Cherry Eye in Dogs
The condition commonly called “cherry eye” occurs when a tear gland protrudes from your dog’s eye socket. Easily spotted, it appears as a pink or red mass bulging from the corner of the eye nearest your dog’s nose. It can affect either one or both eyes AND can be recurrent.
Located underneath the nictitating membrane (known as the third eyelid) which protects a dog’s eye from wind, dust and debris, this tear gland provides the cornea with essential lubrication. Once this gland has slipped or prolapsed, your dog’s eye loses most or all of its vital moisture, often resulting in keratocon junctivitis sicca or dry eye, which, if left untreated, can ultimately lead to blindness.
Although “cherry eye” is commonly associated with a congenital weakness of the gland’s attachment in the dog’s eye, it isn’t known if the condition is inherited. And while this condition can affect any breed of dog, it’s more common in Cocker Spaniels, Bulldogs, Beagles, Bloodhounds, Boston Terriers, Lhasa Apsos and Shih Tzu.
As a conscientious dog owner, then, pay attention to: any watery or thick discharge from your dog’s eye; a red or pink blob in the corner of his eye; redness in the lining of one of his eyelids, or persistent pawing at his eye.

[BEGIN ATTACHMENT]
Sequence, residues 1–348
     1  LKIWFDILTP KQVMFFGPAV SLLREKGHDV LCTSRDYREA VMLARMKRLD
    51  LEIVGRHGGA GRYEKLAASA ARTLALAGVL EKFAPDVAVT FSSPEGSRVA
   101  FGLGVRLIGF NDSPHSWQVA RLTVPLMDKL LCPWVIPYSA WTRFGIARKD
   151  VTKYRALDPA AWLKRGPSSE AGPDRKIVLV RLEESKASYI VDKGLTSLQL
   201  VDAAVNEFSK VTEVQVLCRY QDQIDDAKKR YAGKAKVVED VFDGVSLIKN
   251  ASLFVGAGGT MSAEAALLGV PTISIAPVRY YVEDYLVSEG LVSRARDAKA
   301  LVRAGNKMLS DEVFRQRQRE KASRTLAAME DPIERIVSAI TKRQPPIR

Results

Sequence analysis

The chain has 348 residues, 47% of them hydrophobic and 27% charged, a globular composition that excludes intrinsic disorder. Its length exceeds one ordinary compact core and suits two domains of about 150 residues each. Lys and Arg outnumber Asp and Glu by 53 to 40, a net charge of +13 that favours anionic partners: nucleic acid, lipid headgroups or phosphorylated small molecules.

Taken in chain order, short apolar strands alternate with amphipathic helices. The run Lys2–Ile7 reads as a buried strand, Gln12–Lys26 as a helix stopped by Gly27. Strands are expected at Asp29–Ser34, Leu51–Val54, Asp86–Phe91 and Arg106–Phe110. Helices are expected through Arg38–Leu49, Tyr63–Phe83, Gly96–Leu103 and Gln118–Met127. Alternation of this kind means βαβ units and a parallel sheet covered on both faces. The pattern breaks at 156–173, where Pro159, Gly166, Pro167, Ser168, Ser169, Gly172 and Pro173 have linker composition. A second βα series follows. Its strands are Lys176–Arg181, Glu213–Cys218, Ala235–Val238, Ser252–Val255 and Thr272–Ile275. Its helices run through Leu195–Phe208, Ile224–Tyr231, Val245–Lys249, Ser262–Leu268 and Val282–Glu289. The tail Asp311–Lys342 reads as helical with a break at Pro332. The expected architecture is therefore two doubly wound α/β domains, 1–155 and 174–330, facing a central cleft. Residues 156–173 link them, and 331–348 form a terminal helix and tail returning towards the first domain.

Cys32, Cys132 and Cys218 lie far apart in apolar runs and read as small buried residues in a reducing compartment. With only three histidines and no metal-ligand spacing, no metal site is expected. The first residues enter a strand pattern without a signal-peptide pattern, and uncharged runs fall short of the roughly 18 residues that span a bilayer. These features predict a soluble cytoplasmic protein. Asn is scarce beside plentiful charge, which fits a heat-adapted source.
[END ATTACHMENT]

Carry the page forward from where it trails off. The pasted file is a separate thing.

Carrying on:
If you witness any of the above, allow your vet to examine your dog’s third eyelid to determine precisely what the problem is. The diagnosis can even include scrolled or everted cartilage in the third eyelid, abnormal cells in the third eye, and a prolapse of fat in his eye.
With no preventative measures for “cherry eye” at this time, treatment is the only option. In milder cases, topical anti-inflammatory drugs will usually be prescribed, which are highly effective in reducing the swelling. Keeping your dog’s eyes well lubricated by using the highest quality eye drops may also help prevent a recurrence of the condition.
If corrective surgery is suggested, the tear gland can either be stitched back into place (this procedure is not 100% effective and a prolapse may reoccur) or the third eyelid removed completely, necessitating the use of eye drops every day from then on.
With more research needed into the causes, prevention and treatment of “cherry eye,” all caring dog owners can do is keep a watchful “eye” on their cherished canine companions and keep them safe.
Author: Nomi Berger